The Wages of Spin plays to Canberra's political elites at The Street Theatre (July 20 -30). Bookings: 02 6247 1223.
Artists Performer/Devisers: Stephen Klinder, Deborah Pollard & David Williams Dramaturgy: Paul Dwyer Outside Eye: Yana Taylor Lighting: Simon Wise Video: Sean Bacon Sound: Gail Priest Producer: Harley Stumm
Canberra The Street Theatre, Cnr Childers St & University Ave. July 20 - 30 (Tue - Sat 8pm + 2pm matinee, Sat 30th) Tix $29/24. Bookings: 02 6247 1223
------------------------------------------------------------------------- Workers rights union rights your rights
2-5 PM Saturday 18 June 2005 Tom Mann Theatre 136 Chalmers St Surry Hills
Mark Lennon Unions NSW
Sally McManus ASU
Andrew Ferguson CFMEU
Doug Cameron AMWU
Kerry Nettle NSW Greens Senator
Garry Moore NCOSS
Robert Coombs MUA
Derrick Belan NUW
Lee Rhiannon NSW Greens MLC
When the Coalition takes control of the Senate in July Prime Minister John Howard will introduce industrial relations laws that will increase the burden on working people and the wider community.
The Greens are helping unions to mobilise support for decent working conditions and an industrial relations system that recognises the rights of working people to organise and to strike.
Lee Rhiannon MLC
The Past is Before Us
The Ninth National Labour History Conference will be held at the Holme Building, University of Sydney from Thursday 30th June until Saturday 2nd July. Over 100 presentations of papers, films, and an exhibition from Unions NSW and the Noel Butlin Archive. Meredith Burgmann, MLC, President of the NSW Legislative Council will officially open the conference. The Conference dinner at NSW Parliament. For more information go to the conference home page
The conference program is up on the website - http://asslh.econ.usyd.edu.au/program.htm
Union Aid Abroad - APHEDA Study Tour
Union Aid Abroad - APHEDA is inviting applications for of East Timor a study tour between July 17th and 24th. The ideal participant will be active in the Australian trade union movement, deeply committed to international solidarity, and keen to investigate the effectiveness of APHEDA projects in East Timor. An ability to have fun and enjoy warm weather is also a must!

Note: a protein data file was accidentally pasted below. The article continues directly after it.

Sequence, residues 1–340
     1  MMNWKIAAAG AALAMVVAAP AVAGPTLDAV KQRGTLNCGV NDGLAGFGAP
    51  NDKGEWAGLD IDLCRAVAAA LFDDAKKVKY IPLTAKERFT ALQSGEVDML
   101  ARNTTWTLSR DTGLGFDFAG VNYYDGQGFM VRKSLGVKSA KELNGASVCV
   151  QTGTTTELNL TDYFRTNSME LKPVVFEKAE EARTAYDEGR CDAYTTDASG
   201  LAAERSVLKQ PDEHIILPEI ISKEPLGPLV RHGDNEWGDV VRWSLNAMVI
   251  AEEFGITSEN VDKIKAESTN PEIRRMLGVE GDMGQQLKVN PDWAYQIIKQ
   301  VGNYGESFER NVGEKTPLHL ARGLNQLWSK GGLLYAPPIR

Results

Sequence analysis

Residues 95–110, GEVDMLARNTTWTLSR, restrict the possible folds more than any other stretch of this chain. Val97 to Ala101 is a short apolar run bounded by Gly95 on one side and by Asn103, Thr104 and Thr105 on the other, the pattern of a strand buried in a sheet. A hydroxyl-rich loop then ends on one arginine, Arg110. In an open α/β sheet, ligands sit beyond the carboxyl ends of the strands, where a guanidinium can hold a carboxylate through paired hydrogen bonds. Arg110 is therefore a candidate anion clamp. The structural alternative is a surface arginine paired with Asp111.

The cost of the study tour is $2,050 which includes airfare ex-Darwin, accommodation, in-country transport, interpreter services, breakfasts and the study tour itself. For more information about contact Thomas Michel (02) 9264 9343, 0410 814 360
Is the word customer an appropriate label for a government to place upon its citizens; or is this just another subtle way in which bureaucrats and politicians continually but fruitlessly attempt another deceit of the electorate; or is this the ultimate privatisation of community resources that of our government?
If this is the reality in local government, this context being - Penrith City Council - I would bring to their attention these words attributed to Abraham Lincoln.
"You can fool all the people some of the time, and some of the people all the time, but you cannot fool all the people all the time."
This behaviour was brought to my attention, when recently I queried the public availability of policies and procedures adopted by Penrith City Council - policies which are required to ensure a consistent application of the Local Government Act 1993 by local government bodies an Act which is effectively the foundation of Local Government within the state of New South Wales.
In an endeavour to obtain a somewhat objective view rather than rely on my own somewhat jaundiced experiences of local government, I comprehensively sought out other views and experiences, from a myriad of sources.
One source that did attract my attention, perhaps through its reinforcement of my own opinions , but credible nonetheless , was the address 'Does the Word 'Customer' Make Sense in the World of Local Government?' by Dr Ted Johns, Chairman of the Institute of Customer Service UK.
In this address Dr Johns, referred to arguments as to the dangers of the word 'customer' being used in local government as promulgated by Professor John Stewart, a one time facilitator of the Institute of Local Government Studies at the University of Birmingham.
Professor Stewart, points out that in truth - there is little or no choice as to the services provided by local government, and the misuse of the term 'Customer' gives a false sense of choice, and I for one would be hard to convince that this was not the intent of these local government bodies who spend ratepayers money on glossy expensive Customer Service Charters which are - and I say with confidence - at best a nonsense and at worst a confidence trick on the electorate.
Would this money not be better spent on actually providing a choice of service or even a service?
One example given in this address was that of railways calling passengers customers, when in fact the majority have no other alternative method of travel.